6) Do good deeds & save the world. This was traditionally called karma yoga. But most people who practice it do so from the wrong understanding and get nowhere with it, in terms of their own awakening. Typically, karma yoga is practiced from the point of view of ‘what can I do?’ Every action is taken based on ‘what can I do?’ and so every action reinforces the position that it was generated from, which has ‘I’ at the center of it. ‘What can I do?’ is centered on the ‘I’. True karma yoga asks, “What needs to be done?” Notice that there is no ‘I’ here at all. One has already surrendered the ‘I’ for the sake of the larger need. This kind of karma yoga becomes a practice of ‘not-I’ and develops the sense of not-I. Done long enough with enough sincerity, the sense of not-I will keep going deeper until it becomes the living reality in the core of that being.
– Ric Weinman in The Nature of Awakening Part 2
So, if the ego does not awaken, who does? Imagine you are having a dream that you are a cow, and suddenly you wake up and you are back in your bed as yourself. You would not say that the cow woke up and realized it was you. You didn’t turn into a wise cow. You would say that you were always yourself but were lost in the dream of being a cow, and that you awoke out of that dream of being a cow. The moment you stopped pretending/dreaming you were a cow, you were back in your normal experience of yourself. The dream character didn’t wake up; the dreamer did. […]
Often, I will get an email from a student who has had a powerful spiritual experience and the student wants to know if this is awakening. The answer is found by looking at whether there is still a sense of ‘I’ residing in the heart. In fact, this is the only true test of awakening—not external behavior, not symptoms, not subjective experiences of peace or bliss or oneness. The only test of this initial awakening is whether or not the ‘I’ has disappeared from the heart. A student may have a taste of awakening (different from mystical experiences), where they feel they have disappeared, but if I can see that the ‘I’ is still there in the heart, awakening hasn’t happened. Sometimes, as a student gets close to awakening, enough of that sense of ‘I’ has broken down that it is hard for them to sense it. But no matter how subtle it is, if it is still there, awakening has not happened. The other ‘false positive’ that can happen, especially with students of neo-advaita teachers, is that the student truly has gotten that there is no ‘I’, but they have gotten this in their head only, and it has not penetrated to their heart. Getting it in their head does create a change in their consciousness, but it still is not true awakening. It is more like a taste of awakening in the mind, and sometimes neo-advaita students get stuck in that place.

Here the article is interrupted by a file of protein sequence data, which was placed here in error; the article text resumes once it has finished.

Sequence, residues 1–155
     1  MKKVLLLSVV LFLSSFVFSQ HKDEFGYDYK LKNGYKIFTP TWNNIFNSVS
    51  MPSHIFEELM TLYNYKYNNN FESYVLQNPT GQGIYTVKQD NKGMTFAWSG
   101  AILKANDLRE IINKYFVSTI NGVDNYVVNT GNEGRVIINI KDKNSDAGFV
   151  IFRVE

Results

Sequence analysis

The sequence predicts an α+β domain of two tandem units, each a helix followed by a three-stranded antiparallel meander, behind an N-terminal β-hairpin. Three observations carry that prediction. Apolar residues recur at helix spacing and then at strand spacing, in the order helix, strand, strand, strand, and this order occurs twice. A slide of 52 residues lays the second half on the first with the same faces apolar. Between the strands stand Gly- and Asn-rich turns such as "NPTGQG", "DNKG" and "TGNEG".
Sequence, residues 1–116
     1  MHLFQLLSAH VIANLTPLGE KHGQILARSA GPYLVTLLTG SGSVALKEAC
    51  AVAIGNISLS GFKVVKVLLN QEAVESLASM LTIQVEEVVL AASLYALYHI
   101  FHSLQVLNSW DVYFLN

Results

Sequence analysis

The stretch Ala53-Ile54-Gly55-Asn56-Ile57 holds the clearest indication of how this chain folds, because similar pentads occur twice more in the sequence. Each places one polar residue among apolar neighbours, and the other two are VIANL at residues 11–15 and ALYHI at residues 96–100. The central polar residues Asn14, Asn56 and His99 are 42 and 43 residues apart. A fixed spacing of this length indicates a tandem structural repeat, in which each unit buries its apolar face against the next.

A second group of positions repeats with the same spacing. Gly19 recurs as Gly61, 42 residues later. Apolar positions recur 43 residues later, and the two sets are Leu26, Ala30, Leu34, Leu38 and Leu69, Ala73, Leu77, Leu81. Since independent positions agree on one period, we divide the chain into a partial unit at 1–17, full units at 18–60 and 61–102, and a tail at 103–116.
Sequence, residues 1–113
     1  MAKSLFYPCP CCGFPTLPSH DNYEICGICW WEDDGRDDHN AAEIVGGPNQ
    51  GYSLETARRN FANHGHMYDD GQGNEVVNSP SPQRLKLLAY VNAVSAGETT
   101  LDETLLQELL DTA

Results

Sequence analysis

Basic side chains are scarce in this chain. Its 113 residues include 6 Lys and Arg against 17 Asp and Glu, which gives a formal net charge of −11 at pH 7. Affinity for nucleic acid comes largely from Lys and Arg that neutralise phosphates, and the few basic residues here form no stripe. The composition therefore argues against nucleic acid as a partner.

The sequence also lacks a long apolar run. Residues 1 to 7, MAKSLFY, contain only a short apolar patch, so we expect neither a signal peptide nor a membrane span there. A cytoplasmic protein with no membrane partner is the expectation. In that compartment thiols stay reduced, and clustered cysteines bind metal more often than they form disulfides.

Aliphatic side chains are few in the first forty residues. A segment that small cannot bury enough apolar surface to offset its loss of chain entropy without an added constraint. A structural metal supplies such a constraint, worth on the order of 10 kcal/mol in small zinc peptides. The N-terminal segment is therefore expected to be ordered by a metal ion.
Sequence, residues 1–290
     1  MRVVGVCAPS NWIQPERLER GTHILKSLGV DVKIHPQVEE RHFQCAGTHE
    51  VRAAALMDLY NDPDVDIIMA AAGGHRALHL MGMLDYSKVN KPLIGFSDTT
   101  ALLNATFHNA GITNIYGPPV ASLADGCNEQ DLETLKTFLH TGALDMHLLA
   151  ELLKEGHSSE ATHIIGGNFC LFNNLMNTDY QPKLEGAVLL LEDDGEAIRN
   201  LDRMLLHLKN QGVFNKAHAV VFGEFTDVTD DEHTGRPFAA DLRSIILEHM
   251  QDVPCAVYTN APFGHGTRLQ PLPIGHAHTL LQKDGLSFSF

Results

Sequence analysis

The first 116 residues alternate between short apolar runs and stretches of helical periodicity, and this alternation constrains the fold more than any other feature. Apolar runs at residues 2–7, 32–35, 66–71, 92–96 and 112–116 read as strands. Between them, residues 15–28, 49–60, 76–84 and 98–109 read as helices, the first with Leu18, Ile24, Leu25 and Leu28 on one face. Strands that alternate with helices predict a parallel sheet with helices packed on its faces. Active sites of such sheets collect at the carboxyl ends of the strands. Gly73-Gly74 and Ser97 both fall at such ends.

– Ric Weinman in The Nature of Awakening, printed in Paradigm Shift, Issue 43, July 2009, UK
I selected these two sections of his article, the first as a relatively standard (yet clear and insightful) description of awakening, and the second as a hint of how awakening in a Vortex Healing context is understood in a quite precise and differentiated way. Here is Part II of the article and a list of additional Vortex Healing articles.